Garlic scape, ripe for the picking.

Garlic scapes are ready to harvest when they curl.

Now that we grow garlic in our own garden, scape season is something that we can’t help but anticipate. For a few sweet weeks of the year, scapes take the place of garlic cloves in almost all of our cooking. A few of my favourite recipes use raw scapes, like my delicious Garlic Scape, Basil & Kale Pesto for example (check out the post and recipe from last year.) They’re also delicious in BBQ marinades and tossed in roasted veg.

I don’t know if you’ve ever tried my hummus, but it is kind of a big deal. It features as my go-to appetizer and is a frequently requested potluck contribution. I love the opportunity to make hummus with scapes, because their flavour is robust but not overpowering the way garlic cloves can be. The aroma doesn’t linger on your breath for days afterward either.

In-Season Garlic Scape Hummus

Ingredients (makes about 2 cups):

  • 4 garlic scapes, coarsely chopped
  • 1 can of chick peas, thoroughly rinsed (By all means, you can soak and cook your own chick peas, but these days I allow myself the little convenience of canned chick peas.)
  • Juice and pulp of 1 lemon (or more, depending on how zippy you like it)
  • About 1/4 cup olive oil (add slowly and adjust to desired consistency)
  • 1 teaspoon of tahini OR 1 teaspoon of peanut butter OR 1 dash of sesame oil (sometimes tahini is overpowering… I advise using sparingly.)
  • About 1/2 teaspoon cumin
  • If you’ve got a jar of spicy eggplant in the fridge, I love adding a splash of the spicy oil! If not, a pinch of dried chilis, finely chopped, adds a nice little kick.
  • Pinch of salt, to taste.
  • Finely chopped fresh cilantro as garnish, if desired.


  • Combine ingredients in your food processor.
  • Blend for at least 1 minute or until smooth(ish).
  • Taste and adjust by adding additional oil, lemon juice, cumin or salt.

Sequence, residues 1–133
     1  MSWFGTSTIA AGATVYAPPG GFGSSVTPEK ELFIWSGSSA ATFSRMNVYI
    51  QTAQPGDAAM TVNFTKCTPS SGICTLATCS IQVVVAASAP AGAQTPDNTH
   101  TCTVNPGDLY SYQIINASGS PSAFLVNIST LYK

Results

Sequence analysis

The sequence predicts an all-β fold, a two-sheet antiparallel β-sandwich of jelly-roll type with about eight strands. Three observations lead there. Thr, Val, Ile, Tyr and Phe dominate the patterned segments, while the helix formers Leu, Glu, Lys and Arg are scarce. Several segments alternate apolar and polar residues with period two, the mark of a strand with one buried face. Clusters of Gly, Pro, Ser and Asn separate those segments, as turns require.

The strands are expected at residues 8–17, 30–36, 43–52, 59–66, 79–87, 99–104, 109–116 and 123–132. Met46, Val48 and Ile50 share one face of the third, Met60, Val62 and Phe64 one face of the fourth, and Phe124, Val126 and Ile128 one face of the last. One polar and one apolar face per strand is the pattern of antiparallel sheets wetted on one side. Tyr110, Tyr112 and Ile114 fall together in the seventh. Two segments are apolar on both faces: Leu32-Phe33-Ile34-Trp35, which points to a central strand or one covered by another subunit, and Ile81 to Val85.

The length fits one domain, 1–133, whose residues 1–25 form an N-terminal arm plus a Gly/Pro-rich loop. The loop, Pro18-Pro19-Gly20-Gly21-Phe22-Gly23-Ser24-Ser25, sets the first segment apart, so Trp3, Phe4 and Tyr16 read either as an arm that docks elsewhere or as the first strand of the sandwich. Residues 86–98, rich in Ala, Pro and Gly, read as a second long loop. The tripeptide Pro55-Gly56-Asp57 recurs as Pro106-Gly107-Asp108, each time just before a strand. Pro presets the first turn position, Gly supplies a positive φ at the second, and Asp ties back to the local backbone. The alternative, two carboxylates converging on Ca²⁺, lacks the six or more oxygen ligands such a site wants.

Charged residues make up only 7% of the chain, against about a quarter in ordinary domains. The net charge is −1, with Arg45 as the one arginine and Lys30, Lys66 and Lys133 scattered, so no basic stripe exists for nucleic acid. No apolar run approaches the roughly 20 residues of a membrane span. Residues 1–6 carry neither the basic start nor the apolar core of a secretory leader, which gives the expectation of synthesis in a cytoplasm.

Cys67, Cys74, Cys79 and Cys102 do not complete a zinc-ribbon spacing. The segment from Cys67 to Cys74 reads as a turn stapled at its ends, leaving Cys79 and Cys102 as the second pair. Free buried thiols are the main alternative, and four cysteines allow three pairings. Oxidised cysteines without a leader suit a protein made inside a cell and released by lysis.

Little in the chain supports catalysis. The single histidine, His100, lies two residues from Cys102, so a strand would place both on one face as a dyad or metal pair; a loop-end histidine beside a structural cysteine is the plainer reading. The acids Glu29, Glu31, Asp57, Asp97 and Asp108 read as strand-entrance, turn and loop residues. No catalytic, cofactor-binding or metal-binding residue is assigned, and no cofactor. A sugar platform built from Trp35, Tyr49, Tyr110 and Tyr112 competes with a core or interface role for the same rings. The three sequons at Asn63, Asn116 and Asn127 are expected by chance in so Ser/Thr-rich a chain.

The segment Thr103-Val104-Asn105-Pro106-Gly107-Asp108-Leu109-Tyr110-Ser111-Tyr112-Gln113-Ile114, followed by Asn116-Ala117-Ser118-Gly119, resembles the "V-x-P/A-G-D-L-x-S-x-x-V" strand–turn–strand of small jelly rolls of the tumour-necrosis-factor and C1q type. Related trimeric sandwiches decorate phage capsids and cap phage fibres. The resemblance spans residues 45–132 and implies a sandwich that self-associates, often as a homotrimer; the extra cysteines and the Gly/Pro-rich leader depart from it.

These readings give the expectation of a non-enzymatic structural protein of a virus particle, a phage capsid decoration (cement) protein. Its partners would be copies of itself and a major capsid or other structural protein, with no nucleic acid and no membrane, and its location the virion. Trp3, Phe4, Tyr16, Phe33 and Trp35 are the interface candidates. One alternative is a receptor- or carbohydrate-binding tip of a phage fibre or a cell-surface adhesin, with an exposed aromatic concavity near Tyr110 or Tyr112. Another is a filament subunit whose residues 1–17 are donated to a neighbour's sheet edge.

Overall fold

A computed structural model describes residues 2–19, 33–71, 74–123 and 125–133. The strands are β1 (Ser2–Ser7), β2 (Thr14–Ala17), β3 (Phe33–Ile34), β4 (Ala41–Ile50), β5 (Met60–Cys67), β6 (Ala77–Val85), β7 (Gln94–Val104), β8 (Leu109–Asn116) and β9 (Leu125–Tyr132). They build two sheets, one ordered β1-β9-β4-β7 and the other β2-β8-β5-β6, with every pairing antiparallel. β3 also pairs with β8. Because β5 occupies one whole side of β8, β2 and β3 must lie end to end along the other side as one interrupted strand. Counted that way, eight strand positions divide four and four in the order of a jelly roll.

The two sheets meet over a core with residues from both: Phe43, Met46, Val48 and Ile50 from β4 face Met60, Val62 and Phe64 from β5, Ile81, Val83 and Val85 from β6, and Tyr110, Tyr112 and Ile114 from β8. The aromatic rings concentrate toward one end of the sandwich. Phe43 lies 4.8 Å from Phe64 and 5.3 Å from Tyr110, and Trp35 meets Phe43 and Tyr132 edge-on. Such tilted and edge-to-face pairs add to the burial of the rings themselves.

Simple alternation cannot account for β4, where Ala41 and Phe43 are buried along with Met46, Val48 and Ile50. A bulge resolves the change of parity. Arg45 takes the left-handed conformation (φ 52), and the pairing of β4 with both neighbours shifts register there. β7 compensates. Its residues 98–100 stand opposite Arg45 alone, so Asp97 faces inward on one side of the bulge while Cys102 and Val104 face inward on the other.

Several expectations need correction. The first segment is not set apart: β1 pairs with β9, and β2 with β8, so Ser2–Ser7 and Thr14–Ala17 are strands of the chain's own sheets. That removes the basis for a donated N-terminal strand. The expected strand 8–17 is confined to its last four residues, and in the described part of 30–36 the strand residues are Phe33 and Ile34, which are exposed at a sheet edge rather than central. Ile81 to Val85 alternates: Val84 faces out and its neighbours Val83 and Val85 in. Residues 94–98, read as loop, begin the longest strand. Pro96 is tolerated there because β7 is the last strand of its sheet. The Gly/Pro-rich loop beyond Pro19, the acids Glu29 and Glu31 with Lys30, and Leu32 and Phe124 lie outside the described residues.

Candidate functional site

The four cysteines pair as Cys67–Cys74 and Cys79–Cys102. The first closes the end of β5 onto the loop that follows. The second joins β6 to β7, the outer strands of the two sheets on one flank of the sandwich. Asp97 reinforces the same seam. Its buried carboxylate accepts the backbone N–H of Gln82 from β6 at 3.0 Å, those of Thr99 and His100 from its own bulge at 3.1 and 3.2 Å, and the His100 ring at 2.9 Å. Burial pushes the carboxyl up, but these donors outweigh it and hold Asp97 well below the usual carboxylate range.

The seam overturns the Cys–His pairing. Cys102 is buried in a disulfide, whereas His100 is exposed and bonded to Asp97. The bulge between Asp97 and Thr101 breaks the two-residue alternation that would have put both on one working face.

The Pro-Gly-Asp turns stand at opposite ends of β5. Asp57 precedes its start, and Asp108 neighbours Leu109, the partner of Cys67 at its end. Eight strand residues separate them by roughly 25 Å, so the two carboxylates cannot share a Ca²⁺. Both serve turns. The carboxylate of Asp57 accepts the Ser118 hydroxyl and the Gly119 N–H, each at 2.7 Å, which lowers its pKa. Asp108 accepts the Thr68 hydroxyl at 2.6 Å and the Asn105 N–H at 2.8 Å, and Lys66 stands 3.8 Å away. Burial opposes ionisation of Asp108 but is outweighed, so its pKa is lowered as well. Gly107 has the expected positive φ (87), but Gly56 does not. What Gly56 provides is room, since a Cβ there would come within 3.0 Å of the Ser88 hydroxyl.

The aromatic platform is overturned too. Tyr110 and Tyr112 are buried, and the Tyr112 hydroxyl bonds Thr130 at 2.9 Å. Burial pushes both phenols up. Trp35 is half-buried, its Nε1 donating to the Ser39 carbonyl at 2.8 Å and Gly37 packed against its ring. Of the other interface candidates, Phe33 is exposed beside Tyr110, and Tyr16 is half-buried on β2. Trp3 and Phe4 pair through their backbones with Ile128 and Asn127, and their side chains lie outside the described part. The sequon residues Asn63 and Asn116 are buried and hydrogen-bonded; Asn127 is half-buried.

• Serve immediately, with veggies, pita or whatever takes your fancy. Goes very well with fresh garden radishes and snap peas!
  • Cover and chill what you don’t eat right away. Keeps about 2 days in the fridge.


#3: I’m Siiiinging in the Rain…

Today is Day 3 of 30 days of blog posts about why we love growing our own food.

Reason #3: It make you love (is worship too strong a word?) the rain.

Water is Life, people.

It covers over 70% of the planet and comprises 65% of our body mass. (Yes I looked those stats up just now.) It is the world’s most precious yet most often abused natural resource. It is easy to take for granted that we – urban Canadians – have unlimited access to free-flowing, clean water that is conveniently pumped (in both hot and cold form) into our homes.

Being a gardener heightens your awareness about the importance of the natural rainfall. True, you can usually water your garden with a sprinkler or hose in time of drought, but no gardener will tell you that they prefer tap water over the real deal. For one thing, rain brings your garden precious nitrogen from the sky and is not full of chemicals like chlorine or fluoride. For another, relying as much as possible on rain to water your garden, whether falling directly from the sky or collected in a barrel, is part of what gardening is all about – being connected to the earth.